When customers come in for their weekly purchase of live food, they often wander over to the aisle with the packaged foods and scan the shelves looking for specials, discounts or even new brands to try. It’s the same thing with frozen foods except in this case, there are few frozen mixes passing themselves off as complete diets. It’s bad enough that all-inclusive diets can be dry-packaged, it’s much less likely that frozen foods can contain all the elements needed to keep fish healthy and happy. Use your live and frozen fish food selections as leverage to sell more of the packaged diets. This will require some propaganda on your part and the fish food manufacturers themselves.


Why would you carry the exact same brands of packaged foods as the big box and chain stores? They are almost certainly going to beat you on price. If you do match their prices, your margin is going to shrink to a miniscule level. The secret is to think “outside the package” and carry those brands that have not sold out to the mass merchandisers. Many of these are foods produced by smaller companies that have taken the time and made the effort to research what ingredients deliver the best results to enhance fish health.


When stocking fish food, you should separate the basic options from the more enhanced. One side of the aisle can have the more expensive and, hopefully, better brands for your fish’s health. The other side has the cheaper, but perhaps higher profile foods, which may or may not deliver the necessary essential ingredients for proper fish health. Make it obvious which brands your store endorses as more effective. To promote the more nutritious food, run a special on these brands. Offer a 20 percent discount for a week or so, and once a fish owner tries these he will be unlikely to go back.


Now, if you are wondering what percentage of aquarium owners need the better fish food, it’s probably lower than you believe. But try not to think that way. Think about what will be better for the fish and better for your chances of increasing the success rate of your customers. Happy healthy fish should create happy fish hobbyists and increase your business since these successful aquarists often add more tanks to their home. As a retailer, after you have reached your primary goal of making money and staying solvent, your next challenge should be educating the customers and improving their success rates with fish tanks. Proper aquarium maintenance includes a well-organized schedule for tank cleaning and fish husbandry. These are areas of expertise that you and your employees should have mastered and you need to pass on your knowledge to anyone who is willing to listen.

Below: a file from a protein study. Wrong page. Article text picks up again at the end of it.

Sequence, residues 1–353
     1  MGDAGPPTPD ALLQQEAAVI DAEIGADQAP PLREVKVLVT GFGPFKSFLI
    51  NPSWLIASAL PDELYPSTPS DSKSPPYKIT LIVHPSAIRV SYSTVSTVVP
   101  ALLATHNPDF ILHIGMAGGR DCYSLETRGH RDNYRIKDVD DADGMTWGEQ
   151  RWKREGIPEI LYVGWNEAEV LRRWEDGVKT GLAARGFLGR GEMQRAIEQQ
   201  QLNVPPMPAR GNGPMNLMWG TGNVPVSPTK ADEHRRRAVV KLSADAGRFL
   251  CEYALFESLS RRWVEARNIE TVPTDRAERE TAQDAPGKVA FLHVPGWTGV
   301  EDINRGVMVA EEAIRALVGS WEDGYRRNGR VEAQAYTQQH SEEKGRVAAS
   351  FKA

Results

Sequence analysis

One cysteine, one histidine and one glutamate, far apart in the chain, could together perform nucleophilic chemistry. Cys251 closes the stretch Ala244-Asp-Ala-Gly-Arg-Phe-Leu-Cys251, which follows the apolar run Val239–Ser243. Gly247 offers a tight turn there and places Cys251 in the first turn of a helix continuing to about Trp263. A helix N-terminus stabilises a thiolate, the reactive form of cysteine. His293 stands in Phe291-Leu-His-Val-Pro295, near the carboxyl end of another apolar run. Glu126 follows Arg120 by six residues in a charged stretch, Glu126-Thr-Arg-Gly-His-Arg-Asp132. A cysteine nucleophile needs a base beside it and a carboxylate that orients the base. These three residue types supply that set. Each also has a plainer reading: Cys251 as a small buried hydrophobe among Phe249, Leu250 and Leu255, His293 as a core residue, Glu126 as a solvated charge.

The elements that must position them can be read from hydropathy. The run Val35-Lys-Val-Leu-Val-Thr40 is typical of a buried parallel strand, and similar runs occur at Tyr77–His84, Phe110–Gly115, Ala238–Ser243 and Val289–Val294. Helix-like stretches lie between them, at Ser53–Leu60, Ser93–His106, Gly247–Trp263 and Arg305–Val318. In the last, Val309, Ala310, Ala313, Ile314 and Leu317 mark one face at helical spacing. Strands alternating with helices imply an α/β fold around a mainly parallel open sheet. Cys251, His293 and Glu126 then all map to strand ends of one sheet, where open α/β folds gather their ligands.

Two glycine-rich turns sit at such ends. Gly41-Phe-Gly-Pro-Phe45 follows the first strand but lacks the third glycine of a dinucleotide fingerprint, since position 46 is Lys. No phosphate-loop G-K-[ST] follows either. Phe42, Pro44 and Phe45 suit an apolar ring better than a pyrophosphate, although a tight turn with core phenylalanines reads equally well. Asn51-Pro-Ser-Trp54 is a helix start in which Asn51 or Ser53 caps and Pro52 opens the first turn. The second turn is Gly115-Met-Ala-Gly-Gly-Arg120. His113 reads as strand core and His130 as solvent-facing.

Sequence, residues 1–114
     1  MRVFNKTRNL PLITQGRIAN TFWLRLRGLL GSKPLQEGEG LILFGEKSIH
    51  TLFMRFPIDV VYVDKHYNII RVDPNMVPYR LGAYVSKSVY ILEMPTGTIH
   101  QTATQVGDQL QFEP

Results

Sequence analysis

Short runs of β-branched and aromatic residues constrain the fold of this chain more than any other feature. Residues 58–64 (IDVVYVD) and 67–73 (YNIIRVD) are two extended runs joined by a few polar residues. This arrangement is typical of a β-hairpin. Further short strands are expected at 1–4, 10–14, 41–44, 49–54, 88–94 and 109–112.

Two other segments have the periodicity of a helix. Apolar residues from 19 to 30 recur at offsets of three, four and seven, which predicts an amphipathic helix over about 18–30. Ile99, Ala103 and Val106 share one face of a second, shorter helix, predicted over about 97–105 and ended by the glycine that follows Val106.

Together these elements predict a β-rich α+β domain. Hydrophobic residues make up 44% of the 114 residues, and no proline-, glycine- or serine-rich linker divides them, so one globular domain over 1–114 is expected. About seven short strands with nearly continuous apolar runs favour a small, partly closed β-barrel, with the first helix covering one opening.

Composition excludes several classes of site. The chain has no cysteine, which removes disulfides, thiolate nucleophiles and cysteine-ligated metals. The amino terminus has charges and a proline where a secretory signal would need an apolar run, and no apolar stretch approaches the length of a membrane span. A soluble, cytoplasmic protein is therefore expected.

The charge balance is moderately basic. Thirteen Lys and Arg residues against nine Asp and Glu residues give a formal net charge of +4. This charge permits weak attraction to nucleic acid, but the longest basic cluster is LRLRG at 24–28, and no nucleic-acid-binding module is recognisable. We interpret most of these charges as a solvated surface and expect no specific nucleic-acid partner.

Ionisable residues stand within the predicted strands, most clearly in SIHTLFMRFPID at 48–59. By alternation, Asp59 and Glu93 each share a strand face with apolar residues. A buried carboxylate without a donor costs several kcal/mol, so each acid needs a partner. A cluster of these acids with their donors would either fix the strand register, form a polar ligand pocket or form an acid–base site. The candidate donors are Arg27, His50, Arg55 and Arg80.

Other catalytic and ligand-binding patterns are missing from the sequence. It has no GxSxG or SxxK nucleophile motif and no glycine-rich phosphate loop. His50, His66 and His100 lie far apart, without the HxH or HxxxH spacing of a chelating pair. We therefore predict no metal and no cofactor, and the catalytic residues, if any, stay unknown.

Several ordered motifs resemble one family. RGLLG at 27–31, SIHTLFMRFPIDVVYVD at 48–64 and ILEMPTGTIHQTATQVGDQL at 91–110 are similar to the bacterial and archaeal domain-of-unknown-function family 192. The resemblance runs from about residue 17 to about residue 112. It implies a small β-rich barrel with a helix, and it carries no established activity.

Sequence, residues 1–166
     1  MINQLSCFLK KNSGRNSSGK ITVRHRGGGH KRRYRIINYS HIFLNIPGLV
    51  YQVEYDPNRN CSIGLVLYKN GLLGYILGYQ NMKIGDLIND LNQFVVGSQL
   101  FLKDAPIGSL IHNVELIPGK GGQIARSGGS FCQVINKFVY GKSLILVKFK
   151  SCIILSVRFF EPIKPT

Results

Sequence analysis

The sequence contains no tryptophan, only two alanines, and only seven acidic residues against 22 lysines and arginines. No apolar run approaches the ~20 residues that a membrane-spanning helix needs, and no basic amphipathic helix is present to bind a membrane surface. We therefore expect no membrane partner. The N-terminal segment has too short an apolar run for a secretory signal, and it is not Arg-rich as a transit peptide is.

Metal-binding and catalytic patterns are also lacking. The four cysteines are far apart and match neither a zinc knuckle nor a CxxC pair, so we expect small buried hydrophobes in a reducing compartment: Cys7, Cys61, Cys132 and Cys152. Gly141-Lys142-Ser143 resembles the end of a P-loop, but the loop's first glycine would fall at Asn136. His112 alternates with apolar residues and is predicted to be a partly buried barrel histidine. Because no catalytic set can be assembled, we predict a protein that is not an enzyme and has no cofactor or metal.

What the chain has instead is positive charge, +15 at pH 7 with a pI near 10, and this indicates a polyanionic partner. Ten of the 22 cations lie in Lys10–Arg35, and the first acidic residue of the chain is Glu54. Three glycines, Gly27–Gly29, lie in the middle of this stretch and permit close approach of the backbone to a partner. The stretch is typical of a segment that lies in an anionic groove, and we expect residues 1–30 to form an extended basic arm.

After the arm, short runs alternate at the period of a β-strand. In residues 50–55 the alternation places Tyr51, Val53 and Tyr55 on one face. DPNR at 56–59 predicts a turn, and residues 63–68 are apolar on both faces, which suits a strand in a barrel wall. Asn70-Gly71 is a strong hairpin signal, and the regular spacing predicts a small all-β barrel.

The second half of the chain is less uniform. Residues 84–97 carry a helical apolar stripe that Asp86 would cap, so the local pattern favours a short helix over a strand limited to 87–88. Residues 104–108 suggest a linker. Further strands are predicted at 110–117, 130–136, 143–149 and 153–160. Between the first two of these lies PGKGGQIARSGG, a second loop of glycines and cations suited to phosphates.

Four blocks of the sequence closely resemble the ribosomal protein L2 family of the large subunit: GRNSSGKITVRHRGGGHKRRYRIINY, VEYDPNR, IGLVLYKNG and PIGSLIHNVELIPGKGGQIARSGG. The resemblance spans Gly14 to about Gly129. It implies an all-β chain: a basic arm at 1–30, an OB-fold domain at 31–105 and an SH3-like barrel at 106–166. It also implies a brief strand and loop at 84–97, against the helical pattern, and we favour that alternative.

Your shop should carry not only foods at various price points, but a variety of specialty foods. Some examples include algae wafers for vegetarian species, large pellets for fish of size, floating pellets for fish that prefer to eat from the surface, freeze-dried foods—shrimp, daphnia, blood worms, etc.—for carnivores, algae-sheets for a variety of marine and freshwater species, and micro pellets of many types for miniature. These foods will be very beneficial for the fish, as well as your bottom line.


An aquatics store must depend on repeat business in order to survive. Customer service includes a great selection of fish foods, a dynamic knowledgeable sales staff, an unparalleled selection of livestock and a philosophy that believes the store must educate its clientele rather than simply sell product. There should be a bond with the customer—we are all in this together, let me help you be the best that you wish to be. PB


Edward C. Taylor has been in the pet industry for more than 40 years as a retailer, live fish importer and wholesaler, and fish-hatchery manager.